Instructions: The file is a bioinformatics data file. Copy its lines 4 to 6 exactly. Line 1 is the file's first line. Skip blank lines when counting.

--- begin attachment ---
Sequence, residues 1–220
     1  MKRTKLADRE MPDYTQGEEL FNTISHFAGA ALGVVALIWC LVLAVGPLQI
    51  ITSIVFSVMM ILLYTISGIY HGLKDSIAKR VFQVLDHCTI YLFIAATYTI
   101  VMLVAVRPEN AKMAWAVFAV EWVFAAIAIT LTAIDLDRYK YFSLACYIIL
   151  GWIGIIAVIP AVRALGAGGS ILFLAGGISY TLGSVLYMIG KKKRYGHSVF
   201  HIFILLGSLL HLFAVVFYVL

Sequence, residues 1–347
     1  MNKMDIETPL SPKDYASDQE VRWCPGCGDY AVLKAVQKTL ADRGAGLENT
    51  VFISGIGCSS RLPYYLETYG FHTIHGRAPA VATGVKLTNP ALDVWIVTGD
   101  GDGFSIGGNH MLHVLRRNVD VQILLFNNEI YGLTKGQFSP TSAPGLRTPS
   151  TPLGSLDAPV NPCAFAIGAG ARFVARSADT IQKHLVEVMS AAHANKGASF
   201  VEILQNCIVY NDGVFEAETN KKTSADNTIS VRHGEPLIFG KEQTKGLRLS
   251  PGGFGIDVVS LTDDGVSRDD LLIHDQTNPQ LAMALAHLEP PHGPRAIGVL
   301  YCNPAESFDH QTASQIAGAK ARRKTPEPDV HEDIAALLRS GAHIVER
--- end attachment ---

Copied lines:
   101  VMLVAVRPEN AKMAWAVFAV EWVFAAIAIT LTAIDLDRYK YFSLACYIIL
   151  GWIGIIAVIP AVRALGAGGS ILFLAGGISY TLGSVLYMIG KKKRYGHSVF
   201  HIFILLGSLL HLFAVVFYVL